Woolly repairs

Faithful volunteers have been working on repairing Woolly, the mammoth mascot for the Museum of the Middle Appalachians in Saltville. Clockwise from left are Butch Surber, Dave Smith, Ron Orr and Scott Venable. Students at Northwood Middle School have also been involved in the ongoing surgery.

Woolly Mammoth, mascot for the Museum of the Middle Appalachians in Saltville, is in need of care. Age-related issues have led to a decline in her health.

As she is currently undergoing intensive care at the Saltville Rescue Squad, hopes are that Woolly will recover in time for her annual prognostication of spring’s arrival time at the end of January. If she is still under the weather, Little Salty may have to fill in as he has done before when Mama Mammoth was out of commission.

Janice Orr, director of the museum, said that folks who saw Woolly over the summer could see that she was in need of help. “Her head is drooping, her color is bad, and her hair is falling out,” said Orr. Woolly is 26 in human years.

“It was feared that Woolly was near her end,” Orr said. “The family was called in. But, just in the nick of time, the Saltville Rescue Squad came to her aid and has taken Woolly in for rehabilitation.”

“The prognosis is good for a full recovery, but it will require a few major replacements and a total skin and hair transplant,” Orr said. “She will need the help of her Friends to get through this tough time.”

Orr said that Woolly’s treatment will require about 35 miles of bailing twine, many feet of chicken wire, prosthetic shoes, a new heart, and electronic voice box. Volunteers have been hard at work over the past weeks restringing her hair and working on the other aspects of her care. Students at Northwood High School have even pitched in to help.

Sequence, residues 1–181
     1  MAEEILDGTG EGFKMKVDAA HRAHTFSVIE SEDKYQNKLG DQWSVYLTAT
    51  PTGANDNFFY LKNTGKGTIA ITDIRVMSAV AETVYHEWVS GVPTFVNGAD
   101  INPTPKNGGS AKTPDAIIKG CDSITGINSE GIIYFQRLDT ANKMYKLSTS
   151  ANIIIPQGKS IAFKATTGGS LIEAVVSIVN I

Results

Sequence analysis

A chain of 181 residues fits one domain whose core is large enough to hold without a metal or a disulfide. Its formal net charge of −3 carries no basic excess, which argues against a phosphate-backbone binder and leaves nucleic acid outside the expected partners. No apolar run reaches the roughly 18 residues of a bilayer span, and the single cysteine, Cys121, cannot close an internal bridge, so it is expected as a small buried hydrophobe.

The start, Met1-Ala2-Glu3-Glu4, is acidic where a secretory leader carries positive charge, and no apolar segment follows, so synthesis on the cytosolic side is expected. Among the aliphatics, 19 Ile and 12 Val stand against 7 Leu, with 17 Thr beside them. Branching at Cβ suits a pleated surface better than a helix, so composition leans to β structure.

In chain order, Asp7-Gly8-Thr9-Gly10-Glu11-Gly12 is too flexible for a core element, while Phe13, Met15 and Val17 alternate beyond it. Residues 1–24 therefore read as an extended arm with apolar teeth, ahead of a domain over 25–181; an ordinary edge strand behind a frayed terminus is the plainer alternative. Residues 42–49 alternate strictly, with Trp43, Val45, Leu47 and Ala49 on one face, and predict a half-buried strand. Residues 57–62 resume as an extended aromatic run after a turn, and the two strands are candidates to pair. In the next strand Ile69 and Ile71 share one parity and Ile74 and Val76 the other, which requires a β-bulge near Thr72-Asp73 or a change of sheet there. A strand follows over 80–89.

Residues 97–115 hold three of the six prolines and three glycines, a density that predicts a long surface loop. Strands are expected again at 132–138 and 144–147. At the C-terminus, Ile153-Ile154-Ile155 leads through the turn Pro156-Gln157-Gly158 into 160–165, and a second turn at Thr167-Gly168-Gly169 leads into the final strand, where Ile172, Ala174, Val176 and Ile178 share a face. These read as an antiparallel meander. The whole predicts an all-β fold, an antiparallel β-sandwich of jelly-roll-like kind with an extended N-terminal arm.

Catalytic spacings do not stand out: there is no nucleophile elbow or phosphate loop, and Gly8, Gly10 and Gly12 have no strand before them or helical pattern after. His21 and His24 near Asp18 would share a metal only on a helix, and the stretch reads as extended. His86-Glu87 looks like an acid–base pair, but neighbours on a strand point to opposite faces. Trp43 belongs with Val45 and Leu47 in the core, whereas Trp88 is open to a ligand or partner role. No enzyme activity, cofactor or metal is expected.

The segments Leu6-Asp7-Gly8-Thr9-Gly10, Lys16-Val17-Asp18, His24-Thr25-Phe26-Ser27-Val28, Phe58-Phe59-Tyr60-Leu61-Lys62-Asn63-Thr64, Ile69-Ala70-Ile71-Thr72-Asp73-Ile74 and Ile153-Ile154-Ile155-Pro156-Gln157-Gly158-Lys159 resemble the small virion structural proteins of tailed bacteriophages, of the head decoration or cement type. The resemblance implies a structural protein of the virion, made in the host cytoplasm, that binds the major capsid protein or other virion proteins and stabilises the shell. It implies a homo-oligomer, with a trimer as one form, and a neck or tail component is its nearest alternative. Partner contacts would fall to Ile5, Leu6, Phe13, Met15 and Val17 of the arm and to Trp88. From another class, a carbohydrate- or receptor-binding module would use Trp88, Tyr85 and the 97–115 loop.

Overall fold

Orr said that treatments and recovery fees will be approximately $2,000 and donations are more than welcome.

“Woolly’s major medical expired 5,000 years ago and she is not eligible for Mammoth Medicare because her primary caregivers are not participating providers,” Orr said. “If you would like to volunteer your time, or check on Woolly’s rehab, call the museum at 276-496-3633.”

“Woolly is loved by everyone,” Orr said. “She has given years of fun and entertainment with weather forecasting at Woolly Mammoth Day, public appearances, parades, and special occasions.”

Friends of the Museum of the Middle Appalachians have set up a Woolly Rehab fund to help with this mammoth restoration.

Individuals may donate to Woolly’s rehabilitation by sending a check to Friends of MOMA, P.O. Box 910, Saltville, VA 24370.

“Any help you can contribute will be greatly appreciated,” said Orr. “Help us bring Woolly back more beautiful and special than ever.”

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